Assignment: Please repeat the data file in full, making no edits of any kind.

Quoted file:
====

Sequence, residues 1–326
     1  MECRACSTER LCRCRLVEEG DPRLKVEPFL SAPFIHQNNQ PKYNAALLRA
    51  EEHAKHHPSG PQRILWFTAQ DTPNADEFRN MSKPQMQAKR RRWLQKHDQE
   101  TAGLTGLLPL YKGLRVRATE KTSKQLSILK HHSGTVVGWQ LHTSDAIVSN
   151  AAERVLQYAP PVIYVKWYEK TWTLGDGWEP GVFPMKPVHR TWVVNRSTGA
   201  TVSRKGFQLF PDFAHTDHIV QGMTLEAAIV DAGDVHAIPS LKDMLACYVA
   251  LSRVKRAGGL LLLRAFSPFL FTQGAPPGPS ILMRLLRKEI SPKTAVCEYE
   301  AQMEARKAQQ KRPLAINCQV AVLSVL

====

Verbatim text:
Sequence, residues 1–326
     1  MECRACSTER LCRCRLVEEG DPRLKVEPFL SAPFIHQNNQ PKYNAALLRA
    51  EEHAKHHPSG PQRILWFTAQ DTPNADEFRN MSKPQMQAKR RRWLQKHDQE
   101  TAGLTGLLPL YKGLRVRATE KTSKQLSILK HHSGTVVGWQ LHTSDAIVSN
   151  AAERVLQYAP PVIYVKWYEK TWTLGDGWEP GVFPMKPVHR TWVVNRSTGA
   201  TVSRKGFQLF PDFAHTDHIV QGMTLEAAIV DAGDVHAIPS LKDMLACYVA
   251  LSRVKRAGGL LLLRAFSPFL FTQGAPPGPS ILMRLLRKEI SPKTAVCEYE
   301  AQMEARKAQQ KRPLAINCQV AVLSVL